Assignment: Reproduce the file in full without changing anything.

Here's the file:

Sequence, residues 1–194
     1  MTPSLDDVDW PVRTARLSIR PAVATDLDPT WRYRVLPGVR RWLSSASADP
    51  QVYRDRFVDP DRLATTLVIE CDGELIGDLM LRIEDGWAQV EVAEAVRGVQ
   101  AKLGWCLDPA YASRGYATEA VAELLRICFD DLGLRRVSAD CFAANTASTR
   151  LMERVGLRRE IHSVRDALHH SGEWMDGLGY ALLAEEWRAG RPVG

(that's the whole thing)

Sequence, residues 1–194
     1  MTPSLDDVDW PVRTARLSIR PAVATDLDPT WRYRVLPGVR RWLSSASADP
    51  QVYRDRFVDP DRLATTLVIE CDGELIGDLM LRIEDGWAQV EVAEAVRGVQ
   101  AKLGWCLDPA YASRGYATEA VAELLRICFD DLGLRRVSAD CFAANTASTR
   151  LMERVGLRRE IHSVRDALHH SGEWMDGLGY ALLAEEWRAG RPVG